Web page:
The Mexican government unknowingly tapped a former cartel accountant to lead the charge on $30 million in funds for poor people, and he subsequently kept the money, according to Friday reports.
Rodolfo David Dávila Córdova used to be an employee of the Bank of Mexico — the Mexican equivalent of the Federal Reserve — from 1988 to 1990 and was a federal government employee until 2003, according to Insight Crime, a D.C.-based journalism think tank.
Dávila Córdova was nabbed by Mexican authorities in 2005 for being the head financier of the Juarez Cartel, which led to a five-year stint in the maximum security Altiplano prison. Altiplano is the same facility Joaquin “El Chapo” Guzman Loera of the Sinaloa Cartel escaped from in July 2015 and was re-incarcerated in January 2016.
Dávila Córdova reemerged in the public eye by bidding to have two companies he worked for get lucrative government contracts worth over $30 million in 2013, according to Aristegui Noticias. The contracts were to play a lead role in the administration of Mexican President Enrique Peña Nieto to run the government-funded “Crusade against Hunger.”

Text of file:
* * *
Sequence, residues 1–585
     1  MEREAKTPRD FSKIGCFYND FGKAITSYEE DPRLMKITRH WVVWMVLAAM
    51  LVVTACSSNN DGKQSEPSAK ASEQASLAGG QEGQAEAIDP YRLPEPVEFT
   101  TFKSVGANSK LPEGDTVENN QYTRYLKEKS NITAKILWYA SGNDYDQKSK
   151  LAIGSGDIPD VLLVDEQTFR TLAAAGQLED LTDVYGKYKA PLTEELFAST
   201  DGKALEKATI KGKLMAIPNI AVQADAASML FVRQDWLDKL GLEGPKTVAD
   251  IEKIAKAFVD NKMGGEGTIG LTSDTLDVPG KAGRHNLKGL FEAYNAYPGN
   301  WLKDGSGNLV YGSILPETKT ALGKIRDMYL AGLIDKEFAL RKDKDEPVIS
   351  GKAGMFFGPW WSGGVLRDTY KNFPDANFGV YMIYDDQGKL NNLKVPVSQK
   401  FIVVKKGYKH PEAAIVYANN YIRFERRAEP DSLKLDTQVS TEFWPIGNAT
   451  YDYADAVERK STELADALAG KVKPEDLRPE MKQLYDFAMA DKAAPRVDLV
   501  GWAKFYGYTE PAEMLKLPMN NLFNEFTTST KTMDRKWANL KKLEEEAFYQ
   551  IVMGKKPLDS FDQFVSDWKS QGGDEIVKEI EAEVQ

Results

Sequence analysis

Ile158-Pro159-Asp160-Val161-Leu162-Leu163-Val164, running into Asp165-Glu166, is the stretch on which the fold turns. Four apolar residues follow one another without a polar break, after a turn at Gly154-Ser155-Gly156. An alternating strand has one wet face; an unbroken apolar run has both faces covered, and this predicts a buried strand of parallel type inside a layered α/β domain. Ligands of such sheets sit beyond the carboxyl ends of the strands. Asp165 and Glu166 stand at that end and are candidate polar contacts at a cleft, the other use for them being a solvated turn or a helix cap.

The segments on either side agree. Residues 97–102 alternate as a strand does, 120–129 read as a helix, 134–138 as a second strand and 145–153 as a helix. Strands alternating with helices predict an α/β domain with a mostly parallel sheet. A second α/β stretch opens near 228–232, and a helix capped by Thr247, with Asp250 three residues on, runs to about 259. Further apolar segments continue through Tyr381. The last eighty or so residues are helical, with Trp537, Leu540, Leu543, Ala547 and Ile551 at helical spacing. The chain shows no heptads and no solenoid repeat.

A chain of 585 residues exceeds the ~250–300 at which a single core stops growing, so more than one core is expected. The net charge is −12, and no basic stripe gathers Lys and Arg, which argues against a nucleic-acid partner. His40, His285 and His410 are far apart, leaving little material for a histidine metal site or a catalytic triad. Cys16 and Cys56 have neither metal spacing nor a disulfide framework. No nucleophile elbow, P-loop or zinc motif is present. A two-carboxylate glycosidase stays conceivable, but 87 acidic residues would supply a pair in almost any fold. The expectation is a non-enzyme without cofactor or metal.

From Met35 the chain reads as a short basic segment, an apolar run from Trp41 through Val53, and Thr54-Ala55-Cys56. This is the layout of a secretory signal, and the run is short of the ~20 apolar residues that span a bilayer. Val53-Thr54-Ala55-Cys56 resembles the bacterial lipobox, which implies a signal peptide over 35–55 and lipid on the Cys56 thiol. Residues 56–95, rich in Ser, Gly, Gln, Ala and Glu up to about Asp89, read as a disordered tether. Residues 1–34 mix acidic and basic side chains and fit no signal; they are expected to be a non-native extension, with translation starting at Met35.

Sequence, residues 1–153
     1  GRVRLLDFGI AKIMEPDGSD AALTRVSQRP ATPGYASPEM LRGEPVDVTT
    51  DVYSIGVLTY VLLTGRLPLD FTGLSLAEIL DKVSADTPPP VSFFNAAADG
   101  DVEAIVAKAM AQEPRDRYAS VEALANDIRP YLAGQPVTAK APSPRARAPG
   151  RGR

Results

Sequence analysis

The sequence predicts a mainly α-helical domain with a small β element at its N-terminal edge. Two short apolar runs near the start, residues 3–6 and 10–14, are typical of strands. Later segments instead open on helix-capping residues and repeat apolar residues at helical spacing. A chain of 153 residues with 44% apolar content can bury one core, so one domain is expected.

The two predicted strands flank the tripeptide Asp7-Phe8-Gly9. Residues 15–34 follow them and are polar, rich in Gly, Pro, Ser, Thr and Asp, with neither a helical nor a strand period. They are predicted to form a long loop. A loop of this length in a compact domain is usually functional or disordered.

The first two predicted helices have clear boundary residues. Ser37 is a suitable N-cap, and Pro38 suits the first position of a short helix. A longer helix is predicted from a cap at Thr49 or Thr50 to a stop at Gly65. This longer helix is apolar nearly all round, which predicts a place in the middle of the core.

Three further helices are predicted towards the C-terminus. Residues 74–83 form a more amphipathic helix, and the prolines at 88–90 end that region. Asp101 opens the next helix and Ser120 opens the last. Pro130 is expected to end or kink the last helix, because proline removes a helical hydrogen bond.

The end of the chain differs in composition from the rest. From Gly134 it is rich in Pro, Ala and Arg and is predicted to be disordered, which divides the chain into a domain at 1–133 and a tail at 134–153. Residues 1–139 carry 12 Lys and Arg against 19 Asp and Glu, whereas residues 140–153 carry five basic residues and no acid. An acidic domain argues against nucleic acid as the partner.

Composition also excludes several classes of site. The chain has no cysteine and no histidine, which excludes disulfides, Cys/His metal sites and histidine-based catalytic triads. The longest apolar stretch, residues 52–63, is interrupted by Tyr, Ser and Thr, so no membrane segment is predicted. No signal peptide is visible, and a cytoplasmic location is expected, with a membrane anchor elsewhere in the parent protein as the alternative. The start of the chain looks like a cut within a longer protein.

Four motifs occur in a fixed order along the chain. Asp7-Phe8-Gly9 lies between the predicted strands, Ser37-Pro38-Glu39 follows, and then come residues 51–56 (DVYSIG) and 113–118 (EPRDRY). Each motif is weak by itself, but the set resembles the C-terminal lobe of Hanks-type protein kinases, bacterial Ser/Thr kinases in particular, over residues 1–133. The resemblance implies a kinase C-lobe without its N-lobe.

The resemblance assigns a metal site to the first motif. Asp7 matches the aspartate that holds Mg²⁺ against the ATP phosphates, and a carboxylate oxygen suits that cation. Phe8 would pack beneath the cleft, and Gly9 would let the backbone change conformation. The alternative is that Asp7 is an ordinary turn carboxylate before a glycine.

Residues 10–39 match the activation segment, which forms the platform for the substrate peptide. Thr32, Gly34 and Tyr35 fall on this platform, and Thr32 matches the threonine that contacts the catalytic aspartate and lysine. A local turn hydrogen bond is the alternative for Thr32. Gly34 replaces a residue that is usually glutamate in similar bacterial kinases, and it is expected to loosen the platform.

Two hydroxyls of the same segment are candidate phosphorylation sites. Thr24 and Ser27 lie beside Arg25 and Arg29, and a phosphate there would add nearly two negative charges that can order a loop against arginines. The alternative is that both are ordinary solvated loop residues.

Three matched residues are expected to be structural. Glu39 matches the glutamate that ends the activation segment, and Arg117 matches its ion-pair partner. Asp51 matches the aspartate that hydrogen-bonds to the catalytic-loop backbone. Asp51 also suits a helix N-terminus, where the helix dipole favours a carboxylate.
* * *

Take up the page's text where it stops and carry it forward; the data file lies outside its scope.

Authorities soon discovered that nothing was being done by the two firms associated with the former drug dealing accountant. The offices listed in the contracts were a doctor’s office and a law firm — Dávila Córdova could not be found at either location.
The bureaucracy of Mexico’s judicial system and security apparatus is such that a judge issued a fine against Dávila Córdova in 2015, and it was delivered to Altiplano prison. However, it was only after a database search that authorities realized the former inmate had already been lawfully released five years earlier.
The business dealings of Dávila Córdova are currently under investigation by Mexican authorities for embezzlement and fraud. At the time of the cartel banker’s 2005 arrest, the Juarez Cartel was responsible for 15 to 20 percent of cocaine being sent into the U.S., which was worth “between $660 million and $1 billion” annually, according to Cartel documents seized by Mexican authorities.
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